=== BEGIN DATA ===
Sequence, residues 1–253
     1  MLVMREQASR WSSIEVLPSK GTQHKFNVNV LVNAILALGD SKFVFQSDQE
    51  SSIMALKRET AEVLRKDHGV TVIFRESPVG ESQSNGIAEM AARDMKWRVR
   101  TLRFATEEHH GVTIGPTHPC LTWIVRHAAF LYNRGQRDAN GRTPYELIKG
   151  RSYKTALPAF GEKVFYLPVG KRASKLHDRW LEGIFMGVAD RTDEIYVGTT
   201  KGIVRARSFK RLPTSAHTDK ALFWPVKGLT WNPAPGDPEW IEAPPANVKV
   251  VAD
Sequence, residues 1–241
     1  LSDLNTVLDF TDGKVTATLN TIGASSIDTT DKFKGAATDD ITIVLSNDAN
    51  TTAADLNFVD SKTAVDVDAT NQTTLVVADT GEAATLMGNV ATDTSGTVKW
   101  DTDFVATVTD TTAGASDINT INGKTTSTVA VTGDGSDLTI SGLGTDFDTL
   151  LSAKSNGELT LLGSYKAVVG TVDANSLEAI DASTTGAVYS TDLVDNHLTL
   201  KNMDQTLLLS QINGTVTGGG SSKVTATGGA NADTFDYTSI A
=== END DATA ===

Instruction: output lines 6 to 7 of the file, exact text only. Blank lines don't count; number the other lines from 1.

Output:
   201  KGIVRARSFK RLPTSAHTDK ALFWPVKGLT WNPAPGDPEW IEAPPANVKV
   251  VAD